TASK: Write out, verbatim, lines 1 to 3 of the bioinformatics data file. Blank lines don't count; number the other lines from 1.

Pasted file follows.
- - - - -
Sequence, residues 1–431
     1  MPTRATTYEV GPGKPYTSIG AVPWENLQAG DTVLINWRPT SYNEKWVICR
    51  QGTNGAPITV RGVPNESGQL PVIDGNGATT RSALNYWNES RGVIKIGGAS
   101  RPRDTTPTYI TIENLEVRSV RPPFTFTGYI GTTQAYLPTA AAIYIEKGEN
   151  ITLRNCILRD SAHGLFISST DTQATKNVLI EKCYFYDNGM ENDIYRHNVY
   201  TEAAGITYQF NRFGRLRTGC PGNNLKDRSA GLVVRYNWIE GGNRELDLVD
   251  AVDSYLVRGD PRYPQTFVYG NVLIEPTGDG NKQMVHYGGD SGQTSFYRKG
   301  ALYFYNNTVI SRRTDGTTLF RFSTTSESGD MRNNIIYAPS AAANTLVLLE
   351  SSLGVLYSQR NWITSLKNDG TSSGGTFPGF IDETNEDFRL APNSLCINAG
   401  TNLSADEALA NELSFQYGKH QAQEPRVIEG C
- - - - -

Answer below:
Sequence, residues 1–431
     1  MPTRATTYEV GPGKPYTSIG AVPWENLQAG DTVLINWRPT SYNEKWVICR
    51  QGTNGAPITV RGVPNESGQL PVIDGNGATT RSALNYWNES RGVIKIGGAS